Joaquin who? Despite rain, 91st Unionville Fair carries on
● By Richard Gaw
By Richard L. Gaw, Staff Writer
Although all of the weather forecasts had correctly predicted that Hurricane Joaquin would drift off into the Atlantic Ocean, the tail of the storm blanketed Chester County with rain last Friday, drenching the Unionville Community Fair & Farm Show grounds to the point where not a single musical note or the squeal of a barnyard animal could be heard.
By about noon the next day, the fair grounds were a quagmire of mud, and the victim of a cold October wind that whipped the activity tents into a flapping frenzy. And yet, it was inside those tents that the resilient spirit of this 91-year-old fair was alive and well, despite the rain.
On Friday evening, the first night of the fair, Danielle Chamberlain, Unionville Fair president, texted longtime fair organizer Bonnie Musser, who was attending her grandson's birthday party. Chamberlain texted that a last-minute decision by fair organizers enabled the lip sync contest to be moved from a smaller tent to the main activity tent, and that more than 100 fair-goers were there, enjoying the lip-sync contest, eating cotton candy and pizza, and dancing to the sounds of the musical duo Dan & Galla.
"I told Danielle that the fair volunteers really came through for us," Musser said. "To me, that says that the community still came together and supported the fair. We are going to lose money this weekend, because a lot of things that were supposed to happen aren't going to happen, but we bundle up and make the best of it, and get muddy together. As I said to somebody, 'We'll all just muddle through.'"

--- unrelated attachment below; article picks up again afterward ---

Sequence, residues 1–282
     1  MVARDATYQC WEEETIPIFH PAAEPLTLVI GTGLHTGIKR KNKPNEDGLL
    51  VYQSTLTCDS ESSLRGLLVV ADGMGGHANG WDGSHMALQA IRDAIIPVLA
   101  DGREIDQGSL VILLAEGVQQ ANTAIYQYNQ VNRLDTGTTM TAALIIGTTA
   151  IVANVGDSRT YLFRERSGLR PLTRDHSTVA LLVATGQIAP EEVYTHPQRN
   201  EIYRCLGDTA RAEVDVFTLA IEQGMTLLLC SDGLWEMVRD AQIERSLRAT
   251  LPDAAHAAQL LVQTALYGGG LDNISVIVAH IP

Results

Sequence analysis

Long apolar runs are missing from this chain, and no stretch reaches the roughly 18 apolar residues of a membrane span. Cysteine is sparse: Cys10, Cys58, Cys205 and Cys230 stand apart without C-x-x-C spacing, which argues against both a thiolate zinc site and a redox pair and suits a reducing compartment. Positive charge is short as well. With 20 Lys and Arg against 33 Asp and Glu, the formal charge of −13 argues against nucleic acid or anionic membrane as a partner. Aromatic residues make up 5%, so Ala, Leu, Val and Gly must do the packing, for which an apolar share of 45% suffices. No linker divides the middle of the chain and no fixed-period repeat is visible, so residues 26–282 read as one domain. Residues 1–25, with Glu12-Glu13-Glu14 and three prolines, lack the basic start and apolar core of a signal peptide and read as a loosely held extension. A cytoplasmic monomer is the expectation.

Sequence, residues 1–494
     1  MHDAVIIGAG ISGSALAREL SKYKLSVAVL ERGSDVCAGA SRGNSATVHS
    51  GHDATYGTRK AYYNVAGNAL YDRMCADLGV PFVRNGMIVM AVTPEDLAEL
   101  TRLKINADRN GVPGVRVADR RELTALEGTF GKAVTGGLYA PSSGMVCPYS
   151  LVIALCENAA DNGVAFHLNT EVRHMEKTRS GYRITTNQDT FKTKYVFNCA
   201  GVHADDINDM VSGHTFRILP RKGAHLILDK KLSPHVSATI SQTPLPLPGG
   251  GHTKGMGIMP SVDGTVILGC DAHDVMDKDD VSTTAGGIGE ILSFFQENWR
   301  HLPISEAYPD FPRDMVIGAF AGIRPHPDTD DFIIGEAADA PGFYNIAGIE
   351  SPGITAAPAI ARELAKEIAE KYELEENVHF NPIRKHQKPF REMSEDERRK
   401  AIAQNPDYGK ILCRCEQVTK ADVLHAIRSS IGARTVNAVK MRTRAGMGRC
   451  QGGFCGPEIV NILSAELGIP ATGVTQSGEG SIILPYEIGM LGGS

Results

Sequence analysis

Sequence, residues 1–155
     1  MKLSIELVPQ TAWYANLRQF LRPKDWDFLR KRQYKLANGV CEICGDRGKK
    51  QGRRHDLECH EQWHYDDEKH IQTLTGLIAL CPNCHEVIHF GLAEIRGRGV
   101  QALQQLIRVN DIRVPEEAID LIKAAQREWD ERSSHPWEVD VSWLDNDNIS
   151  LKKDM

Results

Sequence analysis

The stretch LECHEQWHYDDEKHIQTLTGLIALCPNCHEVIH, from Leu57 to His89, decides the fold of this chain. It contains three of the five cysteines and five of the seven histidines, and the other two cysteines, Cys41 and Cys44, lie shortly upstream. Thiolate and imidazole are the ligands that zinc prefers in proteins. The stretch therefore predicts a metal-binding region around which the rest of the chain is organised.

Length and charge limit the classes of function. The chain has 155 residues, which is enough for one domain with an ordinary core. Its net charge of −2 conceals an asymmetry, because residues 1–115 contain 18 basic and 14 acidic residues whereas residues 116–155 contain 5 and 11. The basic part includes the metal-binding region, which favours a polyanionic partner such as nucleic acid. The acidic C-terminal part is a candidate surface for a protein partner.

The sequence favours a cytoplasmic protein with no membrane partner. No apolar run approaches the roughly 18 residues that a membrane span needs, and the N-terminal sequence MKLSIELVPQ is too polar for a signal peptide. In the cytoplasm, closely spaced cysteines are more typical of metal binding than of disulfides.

"This fair is wonderful, because they focus on children, teenagers and families," said Galla of the Dan & Galla musical duo, who have performed often at the fair. "You don't always see that. There's a whole bunch of people here who are crazy enough to volunteer amazing amounts of hours to make a wonderful, agricultural showcase. It's important, because the kids need to know where their food comes from."
Despite the rain, many fair events remained on the schedule. Unionville resident Kim Hagen and her daughter Lauren attended the tent activities, as part of Lauren's birthday weekend.
"We moved here about two-and-a-half years ago, and we think it's so lovely how the community all comes together," Hagen said. "You know a lot of work went into it, so it would break my heart to not be here, just because it is cold and damp out."
Dave Pritchard, treasurer and finance director for the fair, encouraged fair organizers to sharpen their pencils in finding ways on how to cut costs this year.
"Because I've been on the board for about 11 years, I've been through at least one of these scenarios where the weather was detrimental to the fair," Pritchard said. "It takes a lot to put this fair together, and it also takes a great deal of money from a volunteer and financial standpoint, so to see it affected by the weather is disappointing. But by the same token, you learn to tolerate it and live with the consequences."
To contact Staff Writer Richard L. Gaw, e-mail email@example.com.